Taegeuk Ladies face last shot at World Cup

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Taegeuk Ladies face last shot at World Cup


Korea women’s national football team striker Park Eun-sun trains at the Lansdowne Stadium in Ottawa, Canada on Wednesday (Korean time) ahead of team’s last group match against Spain that starts 8 a.m. Thursday (Korean time). Provided by Korea Football Association

Taegeuk Ladies’ coach Yoon Duk-yeo said Wednesday that he’s considering starting striker Park Eun-sun for the first time in the 2015 FIFA Women’s World Cup.

The women’s national team is looking to collect its first victory of the tournament against Spain and grab a ticket to the Round of 16.

Korea, ranked 18th in the world, currently sits last place in Group E after losing to Brazil and collecting a draw against Costa Rica. In order to reach the next stage, Korea must win against world No. 14 Spain.

This is the first time the two countries will clash at the senior level. The match will be held at Lansdowne Stadium in Ottawa, Canada, at 8 a.m. Thursday, Korean time.

For this do-or-die match, coach Yoon signaled that the team will start striker Park to boost offense. The 28-year-old hasn’t appeared in the last two matches against Brazil and Costa Rica.

“I have been watching Park’s condition closely,” Yoon said in a press conference. “I just had private conversation with her and I believe Park will do her job well. She will do fine even she plays as a starter.”

Park has not been at full condition after injuring both her ankles. After hurting her left ankle at the Cyprus Cup in March, she injured her right ankle during a league match with her Russian club WFC Rossiyanka last month.

The former Seoul City Hall women’s football team player has been wrapping her ankles and icing them while training. However, Yoon believes she will be able to play by the time the team finishes its final training on Wednesday for the Spain match.

Park, who is only one of two players on the squad that experienced the 2003 FIFA Women’s World Cup, is the team’s tallest player at 182 centimeters (6 feet) and one of its most lethal attackers, with 18 goals in 32 matches.

Park has also scored against Spain in the past, during the 2004 FIFA U-19 Women’s World Cup - though Korea still lost 2-1.

Yoon is hoping Park will partner well with the team’s star forward Ji So-yun and become an unstoppable offensive force.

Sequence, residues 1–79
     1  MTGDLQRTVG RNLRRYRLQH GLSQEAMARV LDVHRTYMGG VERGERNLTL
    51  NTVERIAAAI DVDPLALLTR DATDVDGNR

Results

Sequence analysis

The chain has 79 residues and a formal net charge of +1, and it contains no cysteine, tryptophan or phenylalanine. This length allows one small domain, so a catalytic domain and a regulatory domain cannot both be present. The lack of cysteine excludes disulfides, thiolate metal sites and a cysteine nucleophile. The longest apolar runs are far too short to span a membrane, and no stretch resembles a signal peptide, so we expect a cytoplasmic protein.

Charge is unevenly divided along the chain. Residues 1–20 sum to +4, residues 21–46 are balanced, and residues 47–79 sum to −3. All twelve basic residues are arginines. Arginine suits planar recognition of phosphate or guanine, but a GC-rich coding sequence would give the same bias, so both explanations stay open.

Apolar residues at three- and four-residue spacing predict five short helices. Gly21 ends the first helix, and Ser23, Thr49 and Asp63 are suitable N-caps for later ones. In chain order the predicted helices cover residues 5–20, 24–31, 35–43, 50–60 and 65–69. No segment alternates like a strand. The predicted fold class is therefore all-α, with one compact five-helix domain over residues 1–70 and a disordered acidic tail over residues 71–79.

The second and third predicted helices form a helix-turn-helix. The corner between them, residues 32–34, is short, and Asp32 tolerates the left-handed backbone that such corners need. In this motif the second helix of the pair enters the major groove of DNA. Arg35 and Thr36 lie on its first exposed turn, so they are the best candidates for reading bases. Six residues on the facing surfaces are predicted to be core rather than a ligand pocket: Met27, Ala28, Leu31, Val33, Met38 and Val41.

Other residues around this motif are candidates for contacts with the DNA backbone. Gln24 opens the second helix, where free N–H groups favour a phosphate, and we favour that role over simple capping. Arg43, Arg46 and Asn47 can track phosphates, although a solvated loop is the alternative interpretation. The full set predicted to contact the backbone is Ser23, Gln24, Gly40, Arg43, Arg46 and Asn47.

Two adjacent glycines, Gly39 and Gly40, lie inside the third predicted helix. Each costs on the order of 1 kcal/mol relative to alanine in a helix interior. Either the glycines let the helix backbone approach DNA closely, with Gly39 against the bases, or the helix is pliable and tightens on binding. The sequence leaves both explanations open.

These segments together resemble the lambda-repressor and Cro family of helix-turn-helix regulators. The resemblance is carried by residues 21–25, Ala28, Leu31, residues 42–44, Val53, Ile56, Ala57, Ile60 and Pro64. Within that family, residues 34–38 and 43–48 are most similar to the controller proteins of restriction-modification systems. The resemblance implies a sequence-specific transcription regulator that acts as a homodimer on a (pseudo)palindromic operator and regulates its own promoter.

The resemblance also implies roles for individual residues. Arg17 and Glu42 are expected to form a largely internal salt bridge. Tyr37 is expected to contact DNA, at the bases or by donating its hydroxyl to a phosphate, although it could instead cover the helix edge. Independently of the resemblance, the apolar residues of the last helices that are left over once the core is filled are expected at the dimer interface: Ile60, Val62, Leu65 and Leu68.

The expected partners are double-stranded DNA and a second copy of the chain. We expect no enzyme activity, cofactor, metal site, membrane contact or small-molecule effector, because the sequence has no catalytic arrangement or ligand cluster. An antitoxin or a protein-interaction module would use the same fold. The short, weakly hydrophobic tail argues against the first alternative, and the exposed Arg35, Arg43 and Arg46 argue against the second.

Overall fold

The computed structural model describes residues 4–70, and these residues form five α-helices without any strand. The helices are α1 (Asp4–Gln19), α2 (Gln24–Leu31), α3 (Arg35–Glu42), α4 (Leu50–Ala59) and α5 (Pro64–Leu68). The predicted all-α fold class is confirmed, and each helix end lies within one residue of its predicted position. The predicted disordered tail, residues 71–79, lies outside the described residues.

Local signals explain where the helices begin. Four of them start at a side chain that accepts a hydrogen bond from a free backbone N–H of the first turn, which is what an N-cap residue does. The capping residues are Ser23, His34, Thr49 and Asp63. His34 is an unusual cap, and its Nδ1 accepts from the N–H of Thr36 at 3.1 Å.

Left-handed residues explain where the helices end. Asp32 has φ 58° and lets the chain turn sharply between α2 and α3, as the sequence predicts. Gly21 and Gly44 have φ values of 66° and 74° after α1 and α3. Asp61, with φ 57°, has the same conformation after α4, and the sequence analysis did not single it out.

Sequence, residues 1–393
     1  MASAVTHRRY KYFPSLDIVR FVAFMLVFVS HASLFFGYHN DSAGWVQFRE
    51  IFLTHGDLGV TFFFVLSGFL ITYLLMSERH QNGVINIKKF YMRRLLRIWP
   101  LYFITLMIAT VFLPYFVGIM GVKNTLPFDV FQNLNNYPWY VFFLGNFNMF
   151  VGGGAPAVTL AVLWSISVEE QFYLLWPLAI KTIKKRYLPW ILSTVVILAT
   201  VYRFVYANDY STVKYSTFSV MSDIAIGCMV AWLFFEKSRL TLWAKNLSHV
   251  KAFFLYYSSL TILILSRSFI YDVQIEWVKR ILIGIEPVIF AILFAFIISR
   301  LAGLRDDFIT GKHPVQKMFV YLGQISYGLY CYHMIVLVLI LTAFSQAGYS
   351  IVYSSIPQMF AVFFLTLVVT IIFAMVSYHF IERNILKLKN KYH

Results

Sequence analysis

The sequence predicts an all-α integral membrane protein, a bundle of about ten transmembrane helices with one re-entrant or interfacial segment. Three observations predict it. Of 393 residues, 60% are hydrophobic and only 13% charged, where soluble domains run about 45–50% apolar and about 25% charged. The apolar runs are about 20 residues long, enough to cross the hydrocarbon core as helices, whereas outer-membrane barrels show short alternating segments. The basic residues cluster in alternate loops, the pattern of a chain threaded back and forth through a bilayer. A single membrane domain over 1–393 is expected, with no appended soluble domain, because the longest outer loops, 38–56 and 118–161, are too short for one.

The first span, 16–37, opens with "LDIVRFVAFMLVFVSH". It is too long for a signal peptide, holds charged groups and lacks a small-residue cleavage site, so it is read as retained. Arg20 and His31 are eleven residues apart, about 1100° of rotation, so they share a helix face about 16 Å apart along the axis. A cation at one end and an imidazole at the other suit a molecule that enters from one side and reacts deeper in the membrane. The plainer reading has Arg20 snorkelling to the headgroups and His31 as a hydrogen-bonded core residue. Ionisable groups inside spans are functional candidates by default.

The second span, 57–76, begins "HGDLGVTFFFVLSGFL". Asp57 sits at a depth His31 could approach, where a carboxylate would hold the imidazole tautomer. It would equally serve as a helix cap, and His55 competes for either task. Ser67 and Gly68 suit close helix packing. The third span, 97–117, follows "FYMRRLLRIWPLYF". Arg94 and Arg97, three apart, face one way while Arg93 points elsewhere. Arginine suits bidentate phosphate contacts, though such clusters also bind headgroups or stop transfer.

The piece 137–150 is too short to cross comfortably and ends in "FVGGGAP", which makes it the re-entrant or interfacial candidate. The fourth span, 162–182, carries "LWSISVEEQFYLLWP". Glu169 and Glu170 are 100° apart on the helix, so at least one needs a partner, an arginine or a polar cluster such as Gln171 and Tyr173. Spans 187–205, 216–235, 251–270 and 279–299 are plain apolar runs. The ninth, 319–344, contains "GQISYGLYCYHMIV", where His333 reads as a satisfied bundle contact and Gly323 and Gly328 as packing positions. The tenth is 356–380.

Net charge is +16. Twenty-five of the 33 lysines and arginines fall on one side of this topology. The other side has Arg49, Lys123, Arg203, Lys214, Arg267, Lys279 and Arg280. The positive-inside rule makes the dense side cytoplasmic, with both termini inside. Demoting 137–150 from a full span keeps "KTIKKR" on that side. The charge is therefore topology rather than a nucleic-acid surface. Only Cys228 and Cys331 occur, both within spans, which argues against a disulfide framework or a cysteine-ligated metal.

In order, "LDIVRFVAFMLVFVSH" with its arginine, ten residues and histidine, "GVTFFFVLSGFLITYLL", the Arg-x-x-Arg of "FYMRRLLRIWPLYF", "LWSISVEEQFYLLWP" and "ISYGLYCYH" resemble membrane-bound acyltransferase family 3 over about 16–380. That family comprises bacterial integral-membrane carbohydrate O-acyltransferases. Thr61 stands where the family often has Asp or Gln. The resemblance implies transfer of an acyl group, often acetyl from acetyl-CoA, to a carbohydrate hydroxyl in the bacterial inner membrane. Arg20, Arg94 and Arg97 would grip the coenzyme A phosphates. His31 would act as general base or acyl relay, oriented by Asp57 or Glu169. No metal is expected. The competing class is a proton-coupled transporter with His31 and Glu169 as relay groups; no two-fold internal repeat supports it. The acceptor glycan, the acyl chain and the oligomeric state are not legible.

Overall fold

In the last two matches, Korea made 25 shots but scored only two.

“Spain is better than us in terms of their physical condition,” he said. “We will have utilize strategies that break down our opponent’s strengths. We will challenge them with quick passes.”

Korea looked as though it would make history with its first World Cup win against Costa Rica on Sunday, but a goal in 89th minute tied the match and postponed Korea’s dream. Yoon said that players were disappointed after the draw, but now their faces have turned hopeful and bright.

“Their sweat and tears will not be in vain,” the 54-year-old coach said. “Players know my intentions and realize why we had to go through rigorous training, and why and need a victory.”

Yoon knows the match is also important for Spain, which leads Korea by a goal difference, as the victory would also earn them spot in the Round of 16.

In Group E, Brazil already has a guaranteed spot in the next round, while Costa Rica sits second with two draws. If Brazil beats or draws against Costa Rica and Korea beats Spain, the women’s team will advance in second place in Group E with one win, one draw and one loss.

If Korea beats Spain, but Costa Rica defeats Brazil, Korea will be third, but could still advance as a wild card.

In the FIFA Women’s World Cup, 24 teams are divided into six groups. The top two teams from each group are guaranteed a spot in the next round, and the top four third-placed teams can also advance to the Round of 16 depending on their record.

BY JOO KYUNG-DON [joo.kyungdon@joongang.co.kr]
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